Busted Flush is the latest Wild Cards "mosaic novel" edited by George R. R. Martin and Melinda Snodgrass. Since Inside Straight revived the series last year, I've been looking forward to the new installment with great relish. While it is excellent, it's not quite as good as its predecessor. The same great characters are there, but it seems much more disjointed than the first one despite the similar format.
In 1946, an alien virus hit New York, killing 90 percent of the residents, turning nine percent into monstrosities called “Jokers”, and giving the other 1 percent some type of “Ace”, or superpower. These Aces have lived their lives, becoming celebrities and sometimes fighting crime or villains with plans for world domination. As a result of last year's foray into Egypt and the Caliphate, the UN has formed a group of Aces called "The Committee," run by the formerly insane John Fortune, who also happens to have an Egyptian goddess in his head. Unrest continues in the Caliphate, namely in Kuwait and Iraq, the world's oil supplies are dwindling, a hurricane is approaching New Orleans, and there is great trouble in central Africa. The Committee divides its forces to deal with all of these, but something even more sinister might be going on behind the scenes.
The editors try something new in Busted Flush, and it isn't quite as successful as they intended. The different stories in the previous book formed one cohesive overarching narrative, linked together via blog posts from the Ace Jonathan Hive (a man who can turn into a swarm of bugs). While this book has a similar format, the stories themselves are split up throughout the book similar to chapters in a novel, jumping from one story to another and subsequently back again later in the book. This works a lot better in a novel written by one person; the writing styles are quite different with multiple authors. It takes a while to get used to the back and forth, making the beginning of the book much harder to get through than it should be.
Each story centers on one or two of the Aces, though all of the others are involved in various aspects of the plot as well. The way the stories are ripped apart, with pieces slotted in as appropriate, makes it seem more like a novel than a collection of stories. I am impressed with how the authors and the editors keep everything from becoming a massive jumble. Somebody else's ongoing story is referenced, with even a character or two from that story featured. This is made easier when one of the characters can teleport him/herself all over the world, along with anybody else s/he needs to carry along (Lilith is a hermaphrodite who can also transform into a stunningly beautiful woman or a huge, bear-like man with a massive sword).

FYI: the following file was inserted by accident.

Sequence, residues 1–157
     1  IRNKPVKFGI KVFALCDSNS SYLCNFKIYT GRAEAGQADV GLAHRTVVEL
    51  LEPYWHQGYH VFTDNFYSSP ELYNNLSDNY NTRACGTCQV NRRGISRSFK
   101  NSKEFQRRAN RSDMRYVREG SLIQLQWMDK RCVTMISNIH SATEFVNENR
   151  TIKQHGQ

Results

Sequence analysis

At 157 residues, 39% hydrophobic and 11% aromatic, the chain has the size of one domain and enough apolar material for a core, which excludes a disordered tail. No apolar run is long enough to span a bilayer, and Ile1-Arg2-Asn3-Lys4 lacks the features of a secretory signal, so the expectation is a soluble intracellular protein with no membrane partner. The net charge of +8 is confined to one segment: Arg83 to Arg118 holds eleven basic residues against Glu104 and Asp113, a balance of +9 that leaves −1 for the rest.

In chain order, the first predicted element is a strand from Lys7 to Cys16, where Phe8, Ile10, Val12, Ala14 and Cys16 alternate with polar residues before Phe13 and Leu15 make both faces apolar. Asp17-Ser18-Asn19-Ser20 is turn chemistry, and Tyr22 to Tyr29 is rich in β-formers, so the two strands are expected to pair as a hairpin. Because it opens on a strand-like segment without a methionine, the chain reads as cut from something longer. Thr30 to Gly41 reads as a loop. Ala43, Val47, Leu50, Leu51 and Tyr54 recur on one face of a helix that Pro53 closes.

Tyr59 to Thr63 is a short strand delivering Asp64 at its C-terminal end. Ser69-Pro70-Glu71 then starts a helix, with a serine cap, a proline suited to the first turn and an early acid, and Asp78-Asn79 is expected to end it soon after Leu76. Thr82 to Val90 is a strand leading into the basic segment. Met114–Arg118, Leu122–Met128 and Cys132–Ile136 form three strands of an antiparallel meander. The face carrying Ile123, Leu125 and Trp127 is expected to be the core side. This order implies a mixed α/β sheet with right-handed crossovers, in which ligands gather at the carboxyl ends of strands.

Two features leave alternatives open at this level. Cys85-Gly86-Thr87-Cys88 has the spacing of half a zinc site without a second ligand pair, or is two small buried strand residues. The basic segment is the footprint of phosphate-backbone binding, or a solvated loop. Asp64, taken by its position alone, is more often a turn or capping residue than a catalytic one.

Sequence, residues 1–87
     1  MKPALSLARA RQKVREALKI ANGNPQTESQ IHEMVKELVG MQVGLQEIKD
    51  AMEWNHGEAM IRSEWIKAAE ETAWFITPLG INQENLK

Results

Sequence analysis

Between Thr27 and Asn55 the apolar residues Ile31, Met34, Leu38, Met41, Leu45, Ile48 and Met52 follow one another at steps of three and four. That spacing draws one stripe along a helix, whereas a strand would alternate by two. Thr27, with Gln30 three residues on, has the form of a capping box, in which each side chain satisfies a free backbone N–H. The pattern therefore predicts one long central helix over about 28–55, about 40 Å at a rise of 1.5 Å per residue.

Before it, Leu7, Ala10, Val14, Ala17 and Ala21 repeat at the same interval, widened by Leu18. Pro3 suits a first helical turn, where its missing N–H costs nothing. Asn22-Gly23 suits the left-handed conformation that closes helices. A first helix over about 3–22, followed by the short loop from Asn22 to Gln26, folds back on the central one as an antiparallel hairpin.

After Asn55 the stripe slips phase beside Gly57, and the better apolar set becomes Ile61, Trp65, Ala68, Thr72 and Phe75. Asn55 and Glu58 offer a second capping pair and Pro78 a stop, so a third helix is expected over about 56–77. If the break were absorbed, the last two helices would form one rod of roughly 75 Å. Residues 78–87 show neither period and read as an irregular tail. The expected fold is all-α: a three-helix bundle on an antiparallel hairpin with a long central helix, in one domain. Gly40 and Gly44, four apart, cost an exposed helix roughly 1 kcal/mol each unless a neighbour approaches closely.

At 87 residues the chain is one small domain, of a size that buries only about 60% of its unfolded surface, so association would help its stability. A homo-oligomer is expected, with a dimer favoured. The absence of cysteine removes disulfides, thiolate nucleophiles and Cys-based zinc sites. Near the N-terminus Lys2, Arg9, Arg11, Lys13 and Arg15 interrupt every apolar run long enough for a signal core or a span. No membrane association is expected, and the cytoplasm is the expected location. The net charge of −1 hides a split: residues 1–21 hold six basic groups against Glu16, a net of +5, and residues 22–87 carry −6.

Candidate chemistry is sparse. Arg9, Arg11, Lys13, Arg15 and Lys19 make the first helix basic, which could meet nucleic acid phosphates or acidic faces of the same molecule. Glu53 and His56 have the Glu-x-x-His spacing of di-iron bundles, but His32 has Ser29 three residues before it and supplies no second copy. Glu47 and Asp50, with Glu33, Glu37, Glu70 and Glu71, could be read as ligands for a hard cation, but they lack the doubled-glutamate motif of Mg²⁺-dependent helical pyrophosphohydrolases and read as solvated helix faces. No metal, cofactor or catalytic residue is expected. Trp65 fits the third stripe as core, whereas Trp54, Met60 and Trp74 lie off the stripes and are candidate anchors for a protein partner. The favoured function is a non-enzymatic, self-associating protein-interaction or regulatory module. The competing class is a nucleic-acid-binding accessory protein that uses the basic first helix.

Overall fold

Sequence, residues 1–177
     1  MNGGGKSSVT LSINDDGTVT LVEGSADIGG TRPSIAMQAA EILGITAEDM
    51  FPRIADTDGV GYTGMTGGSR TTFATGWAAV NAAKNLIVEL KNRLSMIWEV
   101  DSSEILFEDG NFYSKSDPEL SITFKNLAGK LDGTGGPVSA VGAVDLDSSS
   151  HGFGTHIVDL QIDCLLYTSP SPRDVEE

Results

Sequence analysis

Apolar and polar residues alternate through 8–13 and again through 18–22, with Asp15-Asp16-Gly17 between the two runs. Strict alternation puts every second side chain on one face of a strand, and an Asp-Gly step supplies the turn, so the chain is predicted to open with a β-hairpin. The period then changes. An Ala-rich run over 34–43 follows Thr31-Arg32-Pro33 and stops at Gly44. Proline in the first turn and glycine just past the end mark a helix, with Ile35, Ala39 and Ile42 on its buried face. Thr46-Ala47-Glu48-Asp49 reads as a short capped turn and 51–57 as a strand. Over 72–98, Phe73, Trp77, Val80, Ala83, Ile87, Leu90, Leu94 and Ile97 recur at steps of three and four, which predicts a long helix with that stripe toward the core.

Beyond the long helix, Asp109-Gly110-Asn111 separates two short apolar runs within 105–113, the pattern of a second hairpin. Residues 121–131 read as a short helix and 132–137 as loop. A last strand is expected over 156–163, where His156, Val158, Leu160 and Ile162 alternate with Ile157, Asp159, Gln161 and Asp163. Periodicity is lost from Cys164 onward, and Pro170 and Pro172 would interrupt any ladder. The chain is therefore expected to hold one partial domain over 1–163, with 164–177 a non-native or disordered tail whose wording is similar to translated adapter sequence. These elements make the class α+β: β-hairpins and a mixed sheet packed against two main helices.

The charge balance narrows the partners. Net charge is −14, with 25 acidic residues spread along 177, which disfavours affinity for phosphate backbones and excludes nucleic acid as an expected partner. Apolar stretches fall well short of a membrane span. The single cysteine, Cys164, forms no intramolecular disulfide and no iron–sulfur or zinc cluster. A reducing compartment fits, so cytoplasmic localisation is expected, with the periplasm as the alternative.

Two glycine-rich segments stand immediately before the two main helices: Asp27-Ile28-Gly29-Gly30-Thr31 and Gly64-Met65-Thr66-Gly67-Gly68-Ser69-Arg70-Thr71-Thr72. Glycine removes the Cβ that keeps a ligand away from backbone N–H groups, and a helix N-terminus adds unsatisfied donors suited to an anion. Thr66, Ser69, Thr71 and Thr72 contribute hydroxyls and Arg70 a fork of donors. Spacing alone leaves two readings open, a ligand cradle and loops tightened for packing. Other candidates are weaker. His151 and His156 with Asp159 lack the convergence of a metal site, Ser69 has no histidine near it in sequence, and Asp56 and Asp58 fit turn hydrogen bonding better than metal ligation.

The imagination behind all of these stories is wonderful, with creative characters, interesting plot twists, and great writing. Bubbles, for example, is a supermodel who when physically assaulted absorbs the energy and gets larger and larger. She can release that energy in the form of bubbles which can do various things depending on how she releases them. Or Ellen, who can take any object from a dead person and almost literally become that person, even with their powers if they were an Ace. This leads to an interesting situation with Jonathan Hive. These are just two examples of the creativity on display here.
Finally, there's little Drake, a boy around whom a lot of the story revolves. When he gets angry, he can go off in a nuclear explosion. He's already inadvertently wasted his hometown along with his family, and many global factions want to get their hands on him. He can also be an annoying, snot-nosed little kid at times, making him refreshingly normal. The authors do a good job of making him sympathetic but also "real," which is quite a feat.
Many things in the Wild Cards world are the same as in ours, despite the sharp left turn taken at the end of World War II with the Wild Card virus, but there are a lot of differences, too. The politics are vastly different, though the UN and its organizations are still relatively spineless, this time including The Committee that hosts many of the Aces in the novel. A couple of delicious small changes also rear their heads, though one of them made me cringe initially. First, Hillary Rodham is a single Attorney General in this United States (not a Clinton, but still a harpy). Secondly, Harry Connick Jr. is the mayor of New Orleans. The authors don't make a big deal out of either as they both have small roles, but just their inclusion put a bit of a smile on my face.
Busted Flush doesn't work quite as well as Inside Straight did, but it’s still a wonderful mosaic novel. It even leaves a couple of dangling plot threads (personal ones, so rest assured this is a complete book) for subsequent volumes to pick up. The book is very clearly intended for adults, with some sex and lots of swearing – parents, be warned. But it's so well-written that it's definitely worth a read, as long as you're not offended by that kind of thing.